Leaving Earlier: Why It’s Better Than On Time

A new goal of mine is to leave earlier than on-time. To be clear, this isn’t a “do more, be better, push yourself,” self-improvement culture type of thing. If anything, it’s about doing just a little less, in order to have a lot less distress, and it’s the result of a quite specific quality-of-life insight.

Surely most, if not all of us, have obligations which require leaving by a certain time in order not to arrive late. If you’re like me, you’re often a bit of a scrambler; you tend not to give yourself quite enough time to get ready, with the result that you set off late or under-prepared, and in a state of some tension and hurry.

Part of my difficulty has been losing track of time, or under-estimating the time I need. This is to some extent neurological, to some extent a lack of strategy. Because of this, for a long time I really struggled to make it to work on time at all. I usually left late and cut it very close. But during this past year, I put some strategies in place which improved this a great deal. For at least several months, I’ve most often left on time, or only a little late, and I almost always arrive at work with a safe margin of time now. It’s a small thing, but it’s also a big thing. I feel happy about accomplishing it, and am less worried and more confident about my ability to sustain this basic but crucial thing.

Yet that’s not the real story here. Besides attempting to improve time management, I’ve been attending to my day-to-day experience, in the sense of light but continual mindful awareness. Actually, “continual” isn’t something I’m capable of yet, but I do manage moments throughout the day. So with something I do almost every day, something like driving to work, data does get collected over time, and eventually some insights do arise.

When I leave late, I have to drive very, well, let’s say “efficiently.” I do try very hard to be safe, yet I have to be very intently focused, assertive, and decisive, so that I can cover the distance as quickly as possible (without recklessness). In this state of mind, any obstacle is much more likely to trigger anxiety and irritation. And I end up arriving to work in this overly-intense mental and emotional space.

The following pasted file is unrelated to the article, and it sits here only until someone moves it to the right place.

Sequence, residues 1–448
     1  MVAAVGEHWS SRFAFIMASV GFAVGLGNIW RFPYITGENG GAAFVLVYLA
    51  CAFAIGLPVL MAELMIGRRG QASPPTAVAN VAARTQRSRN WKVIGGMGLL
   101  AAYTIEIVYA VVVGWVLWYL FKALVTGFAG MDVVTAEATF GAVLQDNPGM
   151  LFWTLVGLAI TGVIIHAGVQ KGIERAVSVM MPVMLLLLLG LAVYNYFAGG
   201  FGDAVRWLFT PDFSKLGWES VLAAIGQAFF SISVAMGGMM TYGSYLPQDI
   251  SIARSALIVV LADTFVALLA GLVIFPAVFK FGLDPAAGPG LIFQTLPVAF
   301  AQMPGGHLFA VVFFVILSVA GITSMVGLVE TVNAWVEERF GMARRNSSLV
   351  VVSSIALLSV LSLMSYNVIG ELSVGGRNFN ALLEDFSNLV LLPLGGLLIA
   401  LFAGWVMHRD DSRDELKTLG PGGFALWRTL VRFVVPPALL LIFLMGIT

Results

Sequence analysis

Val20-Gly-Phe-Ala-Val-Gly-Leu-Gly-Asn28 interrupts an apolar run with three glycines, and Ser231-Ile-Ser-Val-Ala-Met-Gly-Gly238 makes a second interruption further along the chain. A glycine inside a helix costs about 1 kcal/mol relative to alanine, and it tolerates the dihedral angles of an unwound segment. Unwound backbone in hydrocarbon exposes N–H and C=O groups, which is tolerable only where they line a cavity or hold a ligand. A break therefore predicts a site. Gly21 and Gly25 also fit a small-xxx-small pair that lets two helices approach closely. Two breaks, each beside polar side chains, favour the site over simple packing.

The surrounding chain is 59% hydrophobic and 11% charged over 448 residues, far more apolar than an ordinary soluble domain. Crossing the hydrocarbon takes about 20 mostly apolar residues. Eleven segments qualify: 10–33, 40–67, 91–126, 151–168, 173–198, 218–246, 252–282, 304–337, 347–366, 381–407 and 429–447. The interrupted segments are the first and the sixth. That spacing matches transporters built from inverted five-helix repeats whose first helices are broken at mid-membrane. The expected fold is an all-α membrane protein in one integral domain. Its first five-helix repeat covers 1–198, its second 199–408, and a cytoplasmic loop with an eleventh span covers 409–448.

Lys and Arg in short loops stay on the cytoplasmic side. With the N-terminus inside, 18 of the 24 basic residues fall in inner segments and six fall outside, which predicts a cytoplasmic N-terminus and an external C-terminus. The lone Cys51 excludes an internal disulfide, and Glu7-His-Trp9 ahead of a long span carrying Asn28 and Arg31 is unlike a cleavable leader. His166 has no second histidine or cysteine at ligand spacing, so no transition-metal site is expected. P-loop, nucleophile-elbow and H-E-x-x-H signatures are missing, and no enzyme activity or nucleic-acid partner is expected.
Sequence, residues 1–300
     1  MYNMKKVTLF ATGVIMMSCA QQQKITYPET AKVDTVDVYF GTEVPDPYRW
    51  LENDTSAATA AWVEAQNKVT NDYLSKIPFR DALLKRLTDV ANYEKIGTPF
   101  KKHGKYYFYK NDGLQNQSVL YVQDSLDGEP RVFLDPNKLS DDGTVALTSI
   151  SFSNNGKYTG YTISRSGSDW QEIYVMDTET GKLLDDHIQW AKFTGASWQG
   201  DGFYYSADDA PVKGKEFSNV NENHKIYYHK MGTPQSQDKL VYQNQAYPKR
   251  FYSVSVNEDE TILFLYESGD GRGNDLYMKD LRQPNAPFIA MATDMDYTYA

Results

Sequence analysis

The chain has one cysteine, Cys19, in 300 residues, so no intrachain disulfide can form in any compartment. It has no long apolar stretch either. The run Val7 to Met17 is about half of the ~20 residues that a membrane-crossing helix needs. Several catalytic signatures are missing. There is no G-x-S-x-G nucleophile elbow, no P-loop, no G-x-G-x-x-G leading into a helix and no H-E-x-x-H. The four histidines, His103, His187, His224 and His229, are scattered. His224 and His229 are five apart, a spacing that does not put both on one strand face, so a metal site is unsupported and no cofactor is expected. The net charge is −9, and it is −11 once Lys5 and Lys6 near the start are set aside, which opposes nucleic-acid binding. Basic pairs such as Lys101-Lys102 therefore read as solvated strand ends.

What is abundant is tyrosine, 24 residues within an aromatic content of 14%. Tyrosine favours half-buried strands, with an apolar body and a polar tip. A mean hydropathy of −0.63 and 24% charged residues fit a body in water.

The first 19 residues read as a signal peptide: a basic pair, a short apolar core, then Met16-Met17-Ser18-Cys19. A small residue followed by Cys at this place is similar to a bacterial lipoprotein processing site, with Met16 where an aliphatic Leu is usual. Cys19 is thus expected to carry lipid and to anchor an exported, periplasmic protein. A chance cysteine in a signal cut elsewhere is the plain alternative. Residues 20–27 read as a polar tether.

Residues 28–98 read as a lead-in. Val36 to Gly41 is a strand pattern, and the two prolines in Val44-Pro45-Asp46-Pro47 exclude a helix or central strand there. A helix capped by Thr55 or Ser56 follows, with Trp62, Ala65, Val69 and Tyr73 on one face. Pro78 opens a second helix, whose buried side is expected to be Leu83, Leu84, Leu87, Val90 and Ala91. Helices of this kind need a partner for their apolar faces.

When I leave on time, there is still some need to drive with some efficiency, but there is much less urgency. I can be closer to relaxed, “obstacles” which slow me are less significant, even if it’s still difficult to be entirely relaxed about them. It feels responsible and competent, and it’s a much better experience than leaving late.

But there have been some days I’ve happened to leave earlier than on-time. These are an interesting experience. The “extra” time feels luxurious as I walk to the car and get ready to leave. If I want to I can take some time to look though music before leaving, or pause and gather myself for a minute. I can take each step at the natural pace, not an enforced quicker-than-natural pace. I realize as I begin to drive that there isn’t a need to hurry, that I don’t need to feel anxious about obstacles. And then, after I’ve been driving for a while, I realize my mind, my feelings, my body have forgotten this. They are anxious about getting through this light, irritated that I had to slow down for something, worried about how quickly I will complete the transit.

And then, I remember: I have a luxury of minutes. I don’t need to feel these things, I don’t need to get ahead of this other driver, I don’t need to make this light. I have to exert some strong intentional willpower to change how I’m driving, and how I’m thinking and feeling about the drive; it’s so habitually ingrained, it’s become my autopilot. But it’s so, so much better to have the luxury of minutes.